Exclusive for zoos.media – 06.11.2019. Author: Philipp J. Kroiß
Animal rights activists have circulated a picture of the orca baby Ula, daughter of the orca Morgan, living in Tenerife. The picture turned out to be a fake.
Loro Parque Debunks Zoo Opponents Fake Photo of Orca Baby Ula
Zoo opponent Diane Fraleigh shared a picture on Twitter showing orca baby Ula at Loro Parque.
— Diane Fraleigh 🐬Ontario Captive Animal Watch (@Casey_Pup) November 3, 2019
This raised alleged concern for the orca calf, daughter of the famous orca Morgan.
LORO PARQUE – 😭🥺😭 . This facility needs an INDEPENDENT veterinary / cetacean assessor IMMEDIATELY. ULA is AT Risk . https://t.co/9X6LU7VDoR
— Amanda Rogers (@R23370820Amanda) November 5, 2019
All the commotion led to the most absurd theories, like that by animal rights activist Jeffrey Ventre, who fantasised about a “phototoxic reaction” due to “chronic antibiotic use”, clear proof that this person is not the expert he thinks and claims to be:
Possibly a phototoxic reaction from the sun due to chronic antibiotic use
— Jeffrey Ventre (@jeffrey_ventre) November 4, 2019
A simple Trick
If you take a careful look at the photo Fraleigh shared, including the background, you will quickly see something is not quite right: the colours. The walls at Orca Ocean have a totally different yellow than on the fake picture. Loro Parque rightly pointed this out:
As always, we highly appreciate your interest to our regular updates and, on this occasion, we would like to share with you a picture of Ula taken today, Wednesday, November 06. Ula is progressing well and in excellent health condition. pic.twitter.com/P7kEki4kkQ
— Loro Parque (@LoroParque) November 6, 2019
You can easily tell how the picture was made by comparing the background on both images: they took a photograph of Ula and then pressed the contrast setting until the picture looked like it does. The white on an orca calf is actually not as white as on an adult animal – it tends more towards yellow – you can also find this in nature, as you can see on this picture, or on this other one. By increasing the contrast, you can make any orca calf – be it one living in nature or under human care – look like Ula on the fake.
So there was no “phototoxic reaction” or any other fictional disease made up by pseudo-experts and no misuse of antibiotics – Loro Parque debunked this fake clearly and plausibly. In fact, manipulating pictures in such ways is a trick zoo opponents often use to misinform the public. Some activists, including Ventre, had previously published similar image manipulations.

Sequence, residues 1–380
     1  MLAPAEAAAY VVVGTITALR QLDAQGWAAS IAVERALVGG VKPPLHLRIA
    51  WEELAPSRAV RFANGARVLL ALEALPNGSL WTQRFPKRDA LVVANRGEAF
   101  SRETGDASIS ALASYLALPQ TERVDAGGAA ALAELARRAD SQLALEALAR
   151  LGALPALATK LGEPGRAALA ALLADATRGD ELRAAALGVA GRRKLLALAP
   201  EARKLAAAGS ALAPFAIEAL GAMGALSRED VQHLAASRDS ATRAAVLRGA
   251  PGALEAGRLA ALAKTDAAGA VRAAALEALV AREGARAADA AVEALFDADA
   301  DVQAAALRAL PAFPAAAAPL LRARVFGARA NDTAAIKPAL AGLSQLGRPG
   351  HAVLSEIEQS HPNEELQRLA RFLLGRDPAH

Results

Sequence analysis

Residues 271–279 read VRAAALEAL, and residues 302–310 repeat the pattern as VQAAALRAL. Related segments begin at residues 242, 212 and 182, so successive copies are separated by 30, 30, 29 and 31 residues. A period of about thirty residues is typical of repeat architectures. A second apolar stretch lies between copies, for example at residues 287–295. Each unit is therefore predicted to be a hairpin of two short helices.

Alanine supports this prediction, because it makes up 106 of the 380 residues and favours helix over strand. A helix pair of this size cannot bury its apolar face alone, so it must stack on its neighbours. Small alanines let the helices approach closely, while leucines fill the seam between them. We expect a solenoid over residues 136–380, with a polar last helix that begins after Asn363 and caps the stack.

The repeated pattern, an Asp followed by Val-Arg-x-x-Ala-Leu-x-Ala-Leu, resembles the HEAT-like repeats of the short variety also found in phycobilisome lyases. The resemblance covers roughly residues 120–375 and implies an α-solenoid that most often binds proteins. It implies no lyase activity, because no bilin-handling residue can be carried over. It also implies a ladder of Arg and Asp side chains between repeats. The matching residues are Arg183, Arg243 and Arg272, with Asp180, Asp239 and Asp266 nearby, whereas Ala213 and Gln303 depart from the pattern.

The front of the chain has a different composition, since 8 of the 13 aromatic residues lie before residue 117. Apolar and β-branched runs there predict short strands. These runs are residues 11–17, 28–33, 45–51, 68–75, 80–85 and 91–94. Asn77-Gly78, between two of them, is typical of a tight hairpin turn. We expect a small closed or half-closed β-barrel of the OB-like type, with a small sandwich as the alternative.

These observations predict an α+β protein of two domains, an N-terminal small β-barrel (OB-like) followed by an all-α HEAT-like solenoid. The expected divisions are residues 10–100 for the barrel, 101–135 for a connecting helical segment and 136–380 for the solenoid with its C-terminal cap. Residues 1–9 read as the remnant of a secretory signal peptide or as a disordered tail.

A comment on Loro Parque’s Facebook page also indicates that Fraleigh actually stole and later edited the picture. Which is why it was taken down on Facebook, on Twitter however it is (still) accessible. If this proves to be true, the fake is an even greater scandal, proving how the animal rights industry sordidly steals third-party property and later manipulates it for disinformation. Loro Parque’s picture from today could frustrate this attempt.
Orca baby Ula is doing very well
Ula, the young orca calf steeling the hearts of trainers, visitors and people from all over the world, is developing splendidly. On our YouTube channel we regularly report about Ula and her family, as well as the progression she makes.
Such attacks by the animal rights industry don’t hinder anybody from enjoying the reality, which is that things are going great for Ula and her mother. They get along splendidly and the young calf has become a wonderful part of the family, getting along excellently also with the trainers. She plays wildly and thereby shows a luxury-behaviour, animals only show when all their needs are satisfied. In the thumbnail of our video, you can observe a game Ula has invented and which Eric Bogden, new director of the Orca facility, mentions in the interview.
The famous zoo in Tenerife has received multiple certifications, awards and accreditations thanks to the excellent care for its animals. Of course sometimes animals get sick – as anyone who has pets at home will know: even with the best care, there are certain maladies that can’t be prevented. That zoo opponents have started attributing animals diseases they don’t actually have, is a trend we’ve had to observe for some years now. Which is why an amount of healthy scepticism is good when it comes to such pictures.
In addition, at modern zoos and aquariums the doors are wide open: if you have a question about an animal for instance, you can just pose it – be it online or on site. Those who have seen Ula in Loro Parque know how well she is and how wonderfully she is developing. Which is why she has already contributed to the protection of her wild conspecifics. Through the Foundation, Loro Parque engages in the conservation of the endangered orca population in the Strait of Gibraltar and works day and night, so that this population survives.